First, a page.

Shortly after my piece “Filtering the Clean Water Act” went up at Hoover’s Defining Ideas, I got an email from Eric Wolinsky, who asked this question:
Lake Champlain has a significant pollution problem caused in large part by runoff from agricultural fields. The current rules require a buffer between crop land and ‘waterways.’ The problem is that there are no required buffers between cropland and ditches that don’t meet the definition of ‘waterways.’ During rains, the runoff enters the ditches, [and then] travels to the ‘waterways’ and on to Lake Champlain. The waterways are buffered, but the ditches are not. The runoff gets to the lake just as if the buffers on the waterways weren’t there.
How do you regulate this situation without expanding the definition of waterways?
He then further elaborated:
The state law is the problem. It allows these practices. It has only been the threat of the EPA putting onerous regulation on point sources that has gotten the state to move on regulating non-point sources.
I realize that from the outside these regulations seem a little crazy, but on the ground in our area the difference between a ditch and a waterway is a distinction without a difference.
Great comments both. The grand inquiry involves two pieces. The first is the interaction between common law actions for nuisances and state permits. The second involves the interaction between state and federal law. This is all pretty technical stuff. So let us see how to put the system together from scratch.
Step one is to recognize that ordinary damage actions should be allowed to any party that suffers pollution runoff from another — period. That rule works quite well when there are two private parties whose lands (and waters) are adjacent to each other. The party that suffers the actual harm can recover damages for past losses and require the polluter to take steps to reduce (at the very least) future pollution, and to pay damage to the extent that any residue remains.
The water law situation is a bit more difficult because water can run a great distance, so that the actions have to be allowed to downstream parties who can trace the harm to upstream releases. Where individual lawsuits are too complex to maintain, the state may bring action to stop the nuisance as part of its duties under the public trust doctrine to protect its citizens.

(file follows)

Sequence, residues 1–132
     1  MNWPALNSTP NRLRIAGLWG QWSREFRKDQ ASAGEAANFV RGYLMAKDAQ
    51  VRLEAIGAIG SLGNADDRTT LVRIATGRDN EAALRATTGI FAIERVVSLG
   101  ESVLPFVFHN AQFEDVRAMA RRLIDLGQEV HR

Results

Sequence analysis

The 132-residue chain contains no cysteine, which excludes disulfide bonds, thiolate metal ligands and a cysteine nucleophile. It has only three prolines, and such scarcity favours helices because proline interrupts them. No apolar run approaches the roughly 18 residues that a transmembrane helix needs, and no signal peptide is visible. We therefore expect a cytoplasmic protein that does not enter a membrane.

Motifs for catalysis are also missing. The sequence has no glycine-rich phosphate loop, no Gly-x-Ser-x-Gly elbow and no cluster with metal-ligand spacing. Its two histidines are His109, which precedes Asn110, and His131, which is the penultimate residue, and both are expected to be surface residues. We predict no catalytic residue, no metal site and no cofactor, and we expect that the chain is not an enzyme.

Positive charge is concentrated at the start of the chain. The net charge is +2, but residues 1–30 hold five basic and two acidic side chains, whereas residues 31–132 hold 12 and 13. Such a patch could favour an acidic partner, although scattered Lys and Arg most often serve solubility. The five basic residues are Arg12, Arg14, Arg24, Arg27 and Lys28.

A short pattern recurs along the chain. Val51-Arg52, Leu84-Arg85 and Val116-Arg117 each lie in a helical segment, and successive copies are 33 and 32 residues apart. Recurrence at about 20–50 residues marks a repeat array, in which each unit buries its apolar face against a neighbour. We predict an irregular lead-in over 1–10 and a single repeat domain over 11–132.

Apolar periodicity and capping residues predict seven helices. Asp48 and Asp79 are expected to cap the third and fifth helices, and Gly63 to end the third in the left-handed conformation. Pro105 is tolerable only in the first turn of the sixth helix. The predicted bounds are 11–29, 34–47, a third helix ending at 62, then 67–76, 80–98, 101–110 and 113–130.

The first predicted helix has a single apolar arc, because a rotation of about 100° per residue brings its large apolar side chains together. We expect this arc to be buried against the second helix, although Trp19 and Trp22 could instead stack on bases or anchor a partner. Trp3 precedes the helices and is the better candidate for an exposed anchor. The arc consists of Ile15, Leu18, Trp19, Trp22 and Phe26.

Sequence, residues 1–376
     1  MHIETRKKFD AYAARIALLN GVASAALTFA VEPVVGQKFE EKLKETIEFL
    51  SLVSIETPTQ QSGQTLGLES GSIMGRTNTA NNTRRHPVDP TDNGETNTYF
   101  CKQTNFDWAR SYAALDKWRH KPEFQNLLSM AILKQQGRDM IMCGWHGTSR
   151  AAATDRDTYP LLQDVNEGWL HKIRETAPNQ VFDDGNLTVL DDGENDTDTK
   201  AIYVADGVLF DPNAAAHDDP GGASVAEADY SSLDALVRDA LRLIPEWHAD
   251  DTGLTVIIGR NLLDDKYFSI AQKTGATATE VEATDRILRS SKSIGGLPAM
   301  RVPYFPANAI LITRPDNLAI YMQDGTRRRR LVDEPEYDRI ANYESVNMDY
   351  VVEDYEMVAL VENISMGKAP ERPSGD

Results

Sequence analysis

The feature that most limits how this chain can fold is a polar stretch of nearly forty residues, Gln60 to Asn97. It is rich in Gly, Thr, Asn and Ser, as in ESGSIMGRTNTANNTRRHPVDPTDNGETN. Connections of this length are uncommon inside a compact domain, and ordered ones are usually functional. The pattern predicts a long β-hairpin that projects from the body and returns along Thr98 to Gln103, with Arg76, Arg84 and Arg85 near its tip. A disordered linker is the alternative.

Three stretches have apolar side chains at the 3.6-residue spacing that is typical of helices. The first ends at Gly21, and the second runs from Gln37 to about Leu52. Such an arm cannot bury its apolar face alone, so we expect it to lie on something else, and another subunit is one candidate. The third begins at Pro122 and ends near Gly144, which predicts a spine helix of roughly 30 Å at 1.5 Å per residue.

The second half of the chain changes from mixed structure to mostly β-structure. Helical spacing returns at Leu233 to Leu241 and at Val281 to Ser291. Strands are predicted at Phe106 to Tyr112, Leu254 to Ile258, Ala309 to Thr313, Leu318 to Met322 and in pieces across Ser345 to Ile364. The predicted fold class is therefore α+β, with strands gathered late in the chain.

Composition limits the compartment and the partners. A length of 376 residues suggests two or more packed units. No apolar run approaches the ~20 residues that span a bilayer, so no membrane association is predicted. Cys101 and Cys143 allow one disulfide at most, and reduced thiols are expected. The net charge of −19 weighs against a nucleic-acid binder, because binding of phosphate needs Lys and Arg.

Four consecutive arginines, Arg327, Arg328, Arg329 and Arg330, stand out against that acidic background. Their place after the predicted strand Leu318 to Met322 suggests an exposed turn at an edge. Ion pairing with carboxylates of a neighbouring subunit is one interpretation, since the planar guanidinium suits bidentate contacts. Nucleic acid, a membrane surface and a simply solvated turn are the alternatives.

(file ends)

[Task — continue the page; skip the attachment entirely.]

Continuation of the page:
The key point here is that the action for damages and injunctions should lie with the permit system no matter what happens. Unfortunately, the permit system often dictates that any party that complies with the permit cannot be sued for damages that can be laid at his feet. The same happens with any party that settled with the EPA on terms that allow it to continue some pollution. Individual lawsuits are barred by the action.
At this point the system becomes perverse, in that the permit system permits actual pollution that the common law rules would prohibit. The basic rule should always be that compliance with a permit should never excuse the actual pollution that occurs — that would include all the runoff from agricultural production. The sad point is that, in practice, permitting control can reduce environmental protection.
The situation gets more complicated because the federal Clean Water Act contains a complex set of exemptions and exclusions for agricultural activities. Here is the EPA’s list of the exemptions found in Section 404(f): “established (ongoing) farming, ranching, and forestry activities; plowing; seeding; cultivating; harvesting food, fiber, and forest products; minor drainage; upland soil and water conservation practices; maintenance (but not construction) of drainage ditches; construction and maintenance of irrigation ditches; Construction and maintenance of farm or stock ponds; construction and maintenance of farm and forest roads, in accordance with best management practices; maintenance of structures, such as dams, dikes, and levees.”